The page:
Talented but all over the place, Gunter, co-created by Lydia Higman, Julia Grogan and Rachel Lemon, and first seen last year at Edinburgh, stages episodes from an arresting piece of history from 1604: a killing at a football match; a supposed spell; a witch hunt. The dismantling of the notion of the witch is not as startling as the staging suggests – message sometimes overwhelms story – but the energy is pumped up with drumming and electric guitar, modern-day resonance is underlined with video of surging crowds, and a flavour of 17th-century spookiness imparted with animal masks: a salivating wolf is particularly unnerving. Applause is due, too, for knowingly turned rhymes, sad but true that “split ends” is likely to be equated with “no friends”.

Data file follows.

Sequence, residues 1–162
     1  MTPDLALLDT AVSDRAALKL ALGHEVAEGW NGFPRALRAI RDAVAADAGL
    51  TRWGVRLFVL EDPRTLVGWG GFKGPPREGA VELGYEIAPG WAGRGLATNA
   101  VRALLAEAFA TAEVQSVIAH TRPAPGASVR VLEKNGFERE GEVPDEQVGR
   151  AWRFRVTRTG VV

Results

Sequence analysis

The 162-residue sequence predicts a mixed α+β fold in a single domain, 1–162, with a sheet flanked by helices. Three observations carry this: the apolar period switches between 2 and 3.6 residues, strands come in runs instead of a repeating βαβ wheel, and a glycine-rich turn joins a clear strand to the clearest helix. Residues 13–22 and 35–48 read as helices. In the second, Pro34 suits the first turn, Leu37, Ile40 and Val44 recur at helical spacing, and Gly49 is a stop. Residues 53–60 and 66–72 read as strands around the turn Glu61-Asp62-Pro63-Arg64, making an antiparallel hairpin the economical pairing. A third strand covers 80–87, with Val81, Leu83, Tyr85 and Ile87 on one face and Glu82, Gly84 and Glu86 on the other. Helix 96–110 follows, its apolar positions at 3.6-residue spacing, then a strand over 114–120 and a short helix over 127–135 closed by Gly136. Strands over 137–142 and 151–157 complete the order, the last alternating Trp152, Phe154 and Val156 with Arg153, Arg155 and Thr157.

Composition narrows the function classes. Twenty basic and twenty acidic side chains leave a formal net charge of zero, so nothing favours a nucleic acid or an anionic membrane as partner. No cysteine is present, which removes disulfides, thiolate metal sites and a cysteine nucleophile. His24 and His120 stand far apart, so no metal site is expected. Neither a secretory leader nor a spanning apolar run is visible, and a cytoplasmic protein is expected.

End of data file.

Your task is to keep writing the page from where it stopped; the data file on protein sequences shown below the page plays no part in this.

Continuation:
Star ratings (out of five)
London Tide
The Comeuppance
Gunter ★★★